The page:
Thursday, August 26, 2010
Dazed and Confused, 41 Years Later
This is one of the great mysteries of all time to music nerds and copyright lawyers (I am guilty of being both) – why did Jake Holmes wait so long (41 years!) to sue Jimmy Page for copyright infringement? Specifically, on June 28 of this year, Holmes sued James Patrick Page, Super Hype Publishing, Inc., Atlantic Records, and others for copyright infringement claiming that Led Zeppelin’s song “Dazed and Confused” infringed upon Holmes’ song of the same title. Of course it did. It is the same song. Jake Holmes’ song is on i-Tunes if you want to hear the evidence.
By now, most music fans have heard the story of how Jake Holmes’ band opened for the Yardbirds (Page’s former band) at a 1967 New York show. Impressed by the artist’s performance, Jimmy Page and Jim McCarty purchased a copy of Jake Holmes’ record The Above Ground Sound of Jake Holmes the next day. They soon worked the song “Dazed and Confused” into their act. Page debuted his famous violin bowed guitar during the middle of the song. In fact, The Yardbirds recorded a live version of the song as “I’m Confused.”
Why did Holmes wait this long to take action? Willie Dixon was on the case early, suing for “Whole Lotta Love” infringing “You Need Love.” See this link” for a list of Jimmy Page’s “influences.” By waiting 41 years to file suit, Holmes is barred by the statute of limitations from collecting damages for the first 38 years of the song’s existence. I am sure that one of Page’s defenses will be laches – the allegation that the plaintiff “slept on” his rights.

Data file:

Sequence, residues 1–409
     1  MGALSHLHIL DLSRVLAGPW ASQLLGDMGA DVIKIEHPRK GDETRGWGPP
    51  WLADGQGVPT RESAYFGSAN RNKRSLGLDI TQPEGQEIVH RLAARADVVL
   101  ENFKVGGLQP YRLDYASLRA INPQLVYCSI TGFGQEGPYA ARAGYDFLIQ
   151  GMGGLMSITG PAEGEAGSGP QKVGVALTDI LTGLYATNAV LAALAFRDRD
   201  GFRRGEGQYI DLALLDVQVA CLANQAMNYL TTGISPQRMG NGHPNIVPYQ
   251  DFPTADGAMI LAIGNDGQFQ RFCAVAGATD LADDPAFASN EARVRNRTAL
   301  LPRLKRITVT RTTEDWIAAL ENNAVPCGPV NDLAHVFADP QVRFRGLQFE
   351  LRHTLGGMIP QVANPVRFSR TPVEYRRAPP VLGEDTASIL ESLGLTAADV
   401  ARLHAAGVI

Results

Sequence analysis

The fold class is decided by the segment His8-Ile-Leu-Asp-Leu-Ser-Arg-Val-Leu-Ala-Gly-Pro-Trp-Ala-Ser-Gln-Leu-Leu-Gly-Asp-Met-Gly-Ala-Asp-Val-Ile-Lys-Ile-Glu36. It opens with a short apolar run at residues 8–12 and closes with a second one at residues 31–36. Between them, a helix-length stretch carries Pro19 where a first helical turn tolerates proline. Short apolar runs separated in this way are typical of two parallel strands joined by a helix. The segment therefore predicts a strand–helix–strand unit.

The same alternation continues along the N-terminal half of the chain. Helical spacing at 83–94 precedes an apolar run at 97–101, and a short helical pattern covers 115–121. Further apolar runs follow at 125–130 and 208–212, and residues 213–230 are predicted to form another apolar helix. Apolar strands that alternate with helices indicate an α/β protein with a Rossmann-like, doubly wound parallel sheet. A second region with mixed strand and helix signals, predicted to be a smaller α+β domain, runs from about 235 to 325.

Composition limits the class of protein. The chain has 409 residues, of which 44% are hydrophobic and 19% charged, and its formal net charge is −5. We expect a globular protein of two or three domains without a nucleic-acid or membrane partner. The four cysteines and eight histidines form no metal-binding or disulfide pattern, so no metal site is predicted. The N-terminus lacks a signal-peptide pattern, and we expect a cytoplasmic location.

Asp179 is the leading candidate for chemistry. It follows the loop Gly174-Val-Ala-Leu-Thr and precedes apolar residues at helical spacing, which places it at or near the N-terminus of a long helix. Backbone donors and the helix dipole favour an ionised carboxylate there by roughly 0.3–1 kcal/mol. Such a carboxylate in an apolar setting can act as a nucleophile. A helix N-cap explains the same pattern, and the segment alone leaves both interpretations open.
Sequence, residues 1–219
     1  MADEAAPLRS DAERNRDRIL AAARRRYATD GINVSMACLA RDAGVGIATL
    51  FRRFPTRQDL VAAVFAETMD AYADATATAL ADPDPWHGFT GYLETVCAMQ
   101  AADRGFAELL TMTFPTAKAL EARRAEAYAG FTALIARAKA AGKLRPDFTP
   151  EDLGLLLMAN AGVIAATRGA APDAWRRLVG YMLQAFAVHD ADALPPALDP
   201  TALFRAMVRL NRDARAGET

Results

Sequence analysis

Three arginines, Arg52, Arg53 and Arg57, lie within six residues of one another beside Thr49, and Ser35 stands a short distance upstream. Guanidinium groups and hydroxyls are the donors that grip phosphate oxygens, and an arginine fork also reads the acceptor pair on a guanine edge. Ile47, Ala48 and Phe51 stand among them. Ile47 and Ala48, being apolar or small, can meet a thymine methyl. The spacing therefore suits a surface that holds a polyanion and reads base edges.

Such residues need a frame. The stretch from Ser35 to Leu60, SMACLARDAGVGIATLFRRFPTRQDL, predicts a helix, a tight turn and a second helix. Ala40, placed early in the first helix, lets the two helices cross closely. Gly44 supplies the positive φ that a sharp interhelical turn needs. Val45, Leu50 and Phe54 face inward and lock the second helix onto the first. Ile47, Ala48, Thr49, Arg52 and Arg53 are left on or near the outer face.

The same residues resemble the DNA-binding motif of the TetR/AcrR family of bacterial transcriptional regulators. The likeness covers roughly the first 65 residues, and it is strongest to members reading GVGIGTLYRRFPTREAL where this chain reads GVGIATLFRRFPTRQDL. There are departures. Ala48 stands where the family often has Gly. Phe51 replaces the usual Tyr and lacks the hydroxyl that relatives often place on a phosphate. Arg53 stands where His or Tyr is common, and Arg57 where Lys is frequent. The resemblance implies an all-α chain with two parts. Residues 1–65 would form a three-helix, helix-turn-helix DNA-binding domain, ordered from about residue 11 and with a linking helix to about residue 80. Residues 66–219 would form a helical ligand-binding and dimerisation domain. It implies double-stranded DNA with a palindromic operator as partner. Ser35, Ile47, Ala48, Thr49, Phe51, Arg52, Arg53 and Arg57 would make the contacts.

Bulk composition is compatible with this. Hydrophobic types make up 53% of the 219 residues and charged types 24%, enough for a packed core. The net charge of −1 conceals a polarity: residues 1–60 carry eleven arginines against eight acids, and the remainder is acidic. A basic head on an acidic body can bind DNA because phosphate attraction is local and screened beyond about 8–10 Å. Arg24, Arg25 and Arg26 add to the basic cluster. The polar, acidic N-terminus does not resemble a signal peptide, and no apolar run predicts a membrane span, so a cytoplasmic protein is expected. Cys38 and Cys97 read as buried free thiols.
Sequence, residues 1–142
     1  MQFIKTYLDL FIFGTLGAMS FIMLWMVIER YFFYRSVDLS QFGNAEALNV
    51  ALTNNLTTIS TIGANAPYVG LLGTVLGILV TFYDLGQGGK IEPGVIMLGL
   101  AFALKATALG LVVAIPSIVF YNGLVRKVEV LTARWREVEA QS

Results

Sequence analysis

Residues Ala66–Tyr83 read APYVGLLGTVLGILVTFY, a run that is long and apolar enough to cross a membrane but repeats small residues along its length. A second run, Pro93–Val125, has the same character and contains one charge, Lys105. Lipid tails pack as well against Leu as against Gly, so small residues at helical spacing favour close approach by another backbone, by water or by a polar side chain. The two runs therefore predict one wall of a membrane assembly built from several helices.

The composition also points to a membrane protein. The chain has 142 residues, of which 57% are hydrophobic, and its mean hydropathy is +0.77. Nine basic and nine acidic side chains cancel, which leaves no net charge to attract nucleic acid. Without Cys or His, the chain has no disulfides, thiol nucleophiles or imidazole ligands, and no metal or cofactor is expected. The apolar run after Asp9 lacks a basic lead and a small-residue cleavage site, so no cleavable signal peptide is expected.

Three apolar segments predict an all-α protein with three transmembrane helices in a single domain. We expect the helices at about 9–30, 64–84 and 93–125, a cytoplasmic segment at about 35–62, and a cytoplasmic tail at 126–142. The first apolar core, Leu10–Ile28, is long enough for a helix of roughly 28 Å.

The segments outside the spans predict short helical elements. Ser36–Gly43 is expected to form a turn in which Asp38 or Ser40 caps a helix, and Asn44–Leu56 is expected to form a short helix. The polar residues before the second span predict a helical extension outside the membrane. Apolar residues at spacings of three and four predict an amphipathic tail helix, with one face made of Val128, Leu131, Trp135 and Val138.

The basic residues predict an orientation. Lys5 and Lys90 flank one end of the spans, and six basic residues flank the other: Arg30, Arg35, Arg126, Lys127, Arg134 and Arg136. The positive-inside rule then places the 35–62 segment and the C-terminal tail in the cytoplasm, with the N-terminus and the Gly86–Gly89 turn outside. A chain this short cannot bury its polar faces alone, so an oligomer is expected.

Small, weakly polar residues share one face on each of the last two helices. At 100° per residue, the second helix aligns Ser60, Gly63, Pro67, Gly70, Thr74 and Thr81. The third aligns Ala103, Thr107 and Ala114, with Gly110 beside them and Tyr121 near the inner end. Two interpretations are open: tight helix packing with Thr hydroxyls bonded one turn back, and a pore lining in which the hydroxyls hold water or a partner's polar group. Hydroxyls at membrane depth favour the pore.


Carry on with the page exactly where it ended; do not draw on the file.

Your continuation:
Perhaps an answer could be found in a quote I came across in an old issue of Shindig! Magazine. Holmes is quoted as saying that he became aware of the song:
“as soon as it came out, and stupidly, I never followed up on it. In the early 1980’s, I did write them a letter, and I said basically: I understand it’s a collaborative effort, but I think you should give me some credit at least and some remuneration, but they never contacted me.” ( I wonder if Page’s attorneys will sieze upon the phrase “ collaborative effort”. I would).
If this case does not settle, it will be interesting to see how it plays out.